The Chinese House (German: Chinesisches Haus) is a garden pavilion in Sanssouci Park in Potsdam, Germany. Frederick the Great had it built, about seven hundred metres southwest of the Sanssouci Summer Palace, to adorn his flower and vegetable garden. The garden architect was Johann Gottfried Büring, who between 1755 and 1764 designed the pavilion in the then-popular style of Chinoiserie, a mixture of ornamental rococo elements and parts of Chinese architecture.
The unusually long building time of nine years is attributed to the Seven Years’ War, during which Prussia’s economic and financial situation suffered significantly. Only after the end of the war in 1763 were the chambers inside the pavilion furnished. As the building served not only as a decorative piece of garden architecture but also as a setting for small social events, Frederick the Great ordered the building of a Chinese Kitchen, a few metres south-east of the Chinese House. After a conversion in 1789, only the hexagonal windows show the Oriental character of the former outbuilding. A few years later, the Dragon House was built in the form of a Chinese pagoda on the northern edge of Sanssouci Park bordering Klausberg. The building was Frederick the Great’s attempt to follow the Chinese fashion of the 18th century, which began in France before spreading to England, Germany, and Russia.
The Temple of Friendship (German: Freundschaftstempel) is a small, round temple in the western part of Sanssouci Park in Potsdam. It was built by the Prussian king Frederick II in memory of his favorite sister, Markgravine Wilhelmine of Bayreuth, who died in 1758. The temple was built south of the park’s main boulevard between 1768 and 1770 by architect Carl von Gontard, complementing the Temple of Antiquities, which lies due north of the boulevard on an axis with the Temple of Friendship.
The Antique Temple is a small round temple in the west part of Sanssouci Park in Potsdam. Frederick the Great had the building constructed to house his collection of antique artifacts, coins and antique gems. Carl von Gontard created the building in 1768/69 near the New Palace north of the Central Alley, as a complement to the Temple of Friendship situated south of the Alley. Since 1921 the Antique Temple has been used as a mausoleum for members of the House of Hohenzollern and is not open to the public.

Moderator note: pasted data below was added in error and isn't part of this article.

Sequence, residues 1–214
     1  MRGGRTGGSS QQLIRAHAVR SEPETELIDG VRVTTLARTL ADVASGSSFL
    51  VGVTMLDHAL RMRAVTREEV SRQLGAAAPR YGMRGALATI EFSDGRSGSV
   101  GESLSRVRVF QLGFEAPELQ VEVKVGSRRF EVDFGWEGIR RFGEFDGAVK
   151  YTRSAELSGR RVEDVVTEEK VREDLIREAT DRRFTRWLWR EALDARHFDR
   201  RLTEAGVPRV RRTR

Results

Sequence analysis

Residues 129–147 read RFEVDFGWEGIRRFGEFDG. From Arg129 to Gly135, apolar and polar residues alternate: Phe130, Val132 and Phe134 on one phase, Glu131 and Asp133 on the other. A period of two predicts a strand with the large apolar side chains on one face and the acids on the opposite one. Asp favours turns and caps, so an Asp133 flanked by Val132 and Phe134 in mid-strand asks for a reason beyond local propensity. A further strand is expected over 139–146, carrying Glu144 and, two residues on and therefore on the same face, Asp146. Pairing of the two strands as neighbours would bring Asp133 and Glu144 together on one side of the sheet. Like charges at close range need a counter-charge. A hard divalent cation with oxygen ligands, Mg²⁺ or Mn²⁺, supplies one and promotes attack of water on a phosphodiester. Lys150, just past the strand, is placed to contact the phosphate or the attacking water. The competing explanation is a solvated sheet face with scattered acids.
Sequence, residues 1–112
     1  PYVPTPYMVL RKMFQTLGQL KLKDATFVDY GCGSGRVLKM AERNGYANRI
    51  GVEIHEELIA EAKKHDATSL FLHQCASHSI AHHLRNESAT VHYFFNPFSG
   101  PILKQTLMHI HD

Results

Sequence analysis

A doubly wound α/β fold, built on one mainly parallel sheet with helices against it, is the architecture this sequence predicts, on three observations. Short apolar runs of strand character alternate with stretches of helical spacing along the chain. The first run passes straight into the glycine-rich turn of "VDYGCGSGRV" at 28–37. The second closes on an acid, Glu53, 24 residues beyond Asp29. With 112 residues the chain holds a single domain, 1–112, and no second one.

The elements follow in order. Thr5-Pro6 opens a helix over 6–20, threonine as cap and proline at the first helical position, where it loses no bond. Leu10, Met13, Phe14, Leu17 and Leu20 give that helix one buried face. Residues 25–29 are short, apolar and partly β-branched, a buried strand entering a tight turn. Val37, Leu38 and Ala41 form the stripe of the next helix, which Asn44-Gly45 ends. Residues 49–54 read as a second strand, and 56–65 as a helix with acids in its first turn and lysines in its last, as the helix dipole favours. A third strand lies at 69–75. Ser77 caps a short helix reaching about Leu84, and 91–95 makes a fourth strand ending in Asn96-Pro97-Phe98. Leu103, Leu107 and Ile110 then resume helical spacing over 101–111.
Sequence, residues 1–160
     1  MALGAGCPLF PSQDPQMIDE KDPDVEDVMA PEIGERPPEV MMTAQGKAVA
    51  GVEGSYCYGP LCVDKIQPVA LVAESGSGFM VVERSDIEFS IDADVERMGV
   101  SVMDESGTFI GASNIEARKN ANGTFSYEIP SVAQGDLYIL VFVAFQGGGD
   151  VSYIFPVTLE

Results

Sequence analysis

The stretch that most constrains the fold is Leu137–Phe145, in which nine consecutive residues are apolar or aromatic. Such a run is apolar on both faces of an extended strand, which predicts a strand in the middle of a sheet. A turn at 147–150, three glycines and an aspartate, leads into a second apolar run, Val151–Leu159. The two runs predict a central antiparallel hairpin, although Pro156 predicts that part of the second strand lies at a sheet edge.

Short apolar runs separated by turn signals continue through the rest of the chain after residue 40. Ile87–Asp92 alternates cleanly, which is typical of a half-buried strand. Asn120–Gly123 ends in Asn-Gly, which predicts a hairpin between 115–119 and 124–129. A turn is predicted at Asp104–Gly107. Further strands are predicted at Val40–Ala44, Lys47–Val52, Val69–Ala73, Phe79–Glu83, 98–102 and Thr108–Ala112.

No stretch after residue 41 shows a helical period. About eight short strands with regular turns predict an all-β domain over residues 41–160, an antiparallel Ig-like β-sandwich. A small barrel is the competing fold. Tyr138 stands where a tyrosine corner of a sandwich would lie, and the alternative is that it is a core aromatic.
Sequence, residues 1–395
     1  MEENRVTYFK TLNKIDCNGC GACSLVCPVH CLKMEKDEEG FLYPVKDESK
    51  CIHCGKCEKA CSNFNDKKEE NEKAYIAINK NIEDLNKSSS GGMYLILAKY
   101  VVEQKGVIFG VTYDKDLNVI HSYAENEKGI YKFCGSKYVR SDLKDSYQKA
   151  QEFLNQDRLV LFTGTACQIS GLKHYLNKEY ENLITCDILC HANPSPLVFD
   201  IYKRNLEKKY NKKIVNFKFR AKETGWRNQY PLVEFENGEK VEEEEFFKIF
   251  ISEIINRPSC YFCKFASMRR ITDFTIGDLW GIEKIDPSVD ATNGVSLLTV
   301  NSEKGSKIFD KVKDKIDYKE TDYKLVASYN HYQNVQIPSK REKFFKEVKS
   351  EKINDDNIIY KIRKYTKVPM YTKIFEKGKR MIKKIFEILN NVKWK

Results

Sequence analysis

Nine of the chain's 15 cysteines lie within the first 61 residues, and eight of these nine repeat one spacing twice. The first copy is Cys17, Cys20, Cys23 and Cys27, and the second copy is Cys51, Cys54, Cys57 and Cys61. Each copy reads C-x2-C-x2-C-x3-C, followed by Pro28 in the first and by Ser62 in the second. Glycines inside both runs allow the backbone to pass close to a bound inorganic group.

The Obelisk entrance (German Obeliskportal) constitutes the eastern limit of Sanssouci Park in Potsdam, Germany. Following plans by Georg Wenzeslaus von Knobelsdorff, Frederick the Great ordered in 1747 that this exit from the park be built.
The New Palace, built at a later date, stands in the line of sight of the entrance; the two are connected by the roughly 2 km long main alley.
The Roman Baths (German: die Römischen Bäder), situated northeast of the Charlottenhof Palace in the Sanssouci Park in Potsdam, reflect the Italiensehnsucht (“Sehnsucht/longing for Italy“) of its creator Frederick William IV of Prussia. Various classical Roman and antique Italian styles were melded into an architectural ensemble, created between 1829 and 1840.
The whole nostalgic creation is on the bank of an artificial lake created during Peter Joseph Lenné‘s landscaping of the Charlottenhof grounds. The so-called machine pond (Maschinenteich) gets its name from a steam engine building and an adjacent pumping station torn down in 1923. The large hull of a well marks the location of the former building. The steam engine was not just responsible for keeping the artificial waters of Charlottenhof moving – its smokestacks were also a symbol of progress and what was at its time advanced technology.
The Protestant Church of Peace (German: Friedenskirche) is situated in the Marly Gardens on the Green Fence (Am Grünen Gitter) in the palace grounds of Sanssouci Park in Potsdam, Germany. The church was built according to the wishes and with the close involvement of the artistically gifted King Frederick William IV and designed by the court architect, Ludwig Persius. After Persius’ death in 1845, the architect Friedrich August Stüler was charged with continuing his work. Building included work by Ferdinand von Arnim and Ludwig Ferdinand Hesse also. The church is located in the area covered by the UNESCO World Heritage Site Palaces and Parks of Potsdam and Berlin.
The cornerstone of the churchhouse was laid on April 14, 1845. The building was dedicated on September 24, 1848, though construction continued until 1854. The structure resembles a High Medieval Italian monastery.